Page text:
On Obama’s Impact on the Markets
The GDP of a nation measures its consumption, investment, trade exports minus imports, and government spending. Given that the first three of these measurements are not doing particularly well for the US at the moment, government spending is going to have critical importance for the economy and the markets. When Barack Obama takes office, there will obviously be a fundamental shift in the priorities of government spending.
In the second presidential debate with John McCain, Obama ranked his priorities: (1) Alternative Energy (2) Health care (3) Education. In the short term, he has promised to pass a multi-billion dollar stimulus package that will include numerous construction projects. It is likely, however, that the market has already anticipated most the stimulus plan’s effects. The Dow is up almost 20% from its November 20, 2008 low, while construction related stocks like John Deere tractors (DE) and Caterpillar (CAT), a company that produces construction equipment, have already seen gains of over 40% since the market reached its lows.
Anticipating the effects and the companies involved in the effects of Obama’s healthcare or energy policies will be more difficult, especially because “fixing the economy” is going to put everything on the back burner, possibly indefinitely. Given that, if one is optimistic that the economy is going to recover somewhat in the next year, it may be safest to invest in stocks that are only undervalued because of the overall poor economy.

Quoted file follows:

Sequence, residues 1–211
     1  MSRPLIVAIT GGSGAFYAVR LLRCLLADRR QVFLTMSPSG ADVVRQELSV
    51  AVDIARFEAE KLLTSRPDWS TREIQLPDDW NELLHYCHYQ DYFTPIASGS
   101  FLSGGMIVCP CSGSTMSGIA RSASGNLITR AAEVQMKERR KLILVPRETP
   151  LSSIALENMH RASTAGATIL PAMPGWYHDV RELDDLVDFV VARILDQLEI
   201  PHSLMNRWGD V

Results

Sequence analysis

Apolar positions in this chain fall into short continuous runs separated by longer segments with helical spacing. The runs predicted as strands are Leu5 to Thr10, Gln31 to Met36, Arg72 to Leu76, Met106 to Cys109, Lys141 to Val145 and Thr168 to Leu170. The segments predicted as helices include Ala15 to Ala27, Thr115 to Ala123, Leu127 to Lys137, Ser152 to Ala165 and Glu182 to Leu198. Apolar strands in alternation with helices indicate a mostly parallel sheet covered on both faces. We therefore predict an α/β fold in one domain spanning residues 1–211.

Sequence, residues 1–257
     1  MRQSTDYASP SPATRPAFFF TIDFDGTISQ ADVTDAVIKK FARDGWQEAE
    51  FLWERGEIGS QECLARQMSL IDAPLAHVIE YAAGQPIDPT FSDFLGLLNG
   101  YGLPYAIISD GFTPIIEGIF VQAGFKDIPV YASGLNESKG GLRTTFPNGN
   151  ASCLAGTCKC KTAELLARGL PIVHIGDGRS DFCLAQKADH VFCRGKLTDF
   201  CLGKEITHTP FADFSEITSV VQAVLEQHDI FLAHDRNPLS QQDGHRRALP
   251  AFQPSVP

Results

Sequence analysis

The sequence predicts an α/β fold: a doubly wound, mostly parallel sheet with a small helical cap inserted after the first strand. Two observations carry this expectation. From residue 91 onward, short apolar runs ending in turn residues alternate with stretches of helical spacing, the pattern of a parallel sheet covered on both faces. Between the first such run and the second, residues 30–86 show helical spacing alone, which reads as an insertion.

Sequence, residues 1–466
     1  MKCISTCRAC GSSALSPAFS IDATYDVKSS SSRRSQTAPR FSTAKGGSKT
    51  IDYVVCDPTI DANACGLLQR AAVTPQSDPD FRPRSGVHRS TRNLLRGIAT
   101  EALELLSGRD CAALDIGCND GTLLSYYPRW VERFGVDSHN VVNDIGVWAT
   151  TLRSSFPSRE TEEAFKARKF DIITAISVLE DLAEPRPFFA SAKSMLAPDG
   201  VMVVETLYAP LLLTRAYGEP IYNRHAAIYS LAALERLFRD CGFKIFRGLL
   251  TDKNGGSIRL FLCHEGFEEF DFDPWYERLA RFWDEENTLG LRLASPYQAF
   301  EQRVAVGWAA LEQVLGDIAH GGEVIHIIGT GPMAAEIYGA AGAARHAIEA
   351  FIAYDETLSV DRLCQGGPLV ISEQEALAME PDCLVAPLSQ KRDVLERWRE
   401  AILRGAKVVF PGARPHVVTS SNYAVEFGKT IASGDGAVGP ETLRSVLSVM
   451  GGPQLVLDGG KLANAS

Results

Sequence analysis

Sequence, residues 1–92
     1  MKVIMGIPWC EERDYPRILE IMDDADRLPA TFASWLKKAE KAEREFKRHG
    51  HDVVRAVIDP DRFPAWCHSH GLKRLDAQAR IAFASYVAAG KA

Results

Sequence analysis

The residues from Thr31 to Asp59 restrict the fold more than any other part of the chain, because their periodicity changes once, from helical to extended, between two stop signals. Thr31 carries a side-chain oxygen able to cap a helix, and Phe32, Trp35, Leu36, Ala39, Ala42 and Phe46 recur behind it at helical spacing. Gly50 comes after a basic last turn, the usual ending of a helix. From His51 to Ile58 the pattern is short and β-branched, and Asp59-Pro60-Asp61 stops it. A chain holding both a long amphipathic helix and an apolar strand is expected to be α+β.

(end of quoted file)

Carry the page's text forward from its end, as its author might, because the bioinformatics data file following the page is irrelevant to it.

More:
Google (GOOG), for example, which relies to a large extent on companies that can afford to buy advertising from them, has seen about half of its value disappear in the last year. Amazon.com (AMZN) has seen a significant decline over the year even though 2008 was its best year ever. Given the volatility of investing in a rocky market, and the particular volatility in tech stocks, it may be best try to minimize risk by investing in a mutual fund. The Fidelity Contrafund (FCNTX), for example, focuses on stocks it sees as undervalued, many of them tech related.
A more specific policy related example of how President Obama could affect the market can be seen from the perspective of Wal-Mart (WMT), the nation’s largest private employer. Democratic leaders in congress have vowed to pass the Employee Free Choice Act, which would make it far easier for employees to form unions, something Wal-Mart has spent millions of dollars in lobbying money trying to avoid. If Obama signs the Employee Free Choice Act into law, look for that stock to underperform, at least in the short term.
Another example of a quick policy change that Obama plans to enact is federal funding for embryonic stem cell research. Biotech companies involved in stem cell research such as Stem Cell Inc (STEM) experienced a spike immediately following Obama’s election, and then shed most of the gains in the following two months. Another spike is likely to occur once Obama and the Democratic-controlled congress actually pass the bill.
Bottom Line: While we don’t know everything that the Obama administration will do or its effects on the markets, there are some subsections of the market that will be inevitably affected more than others.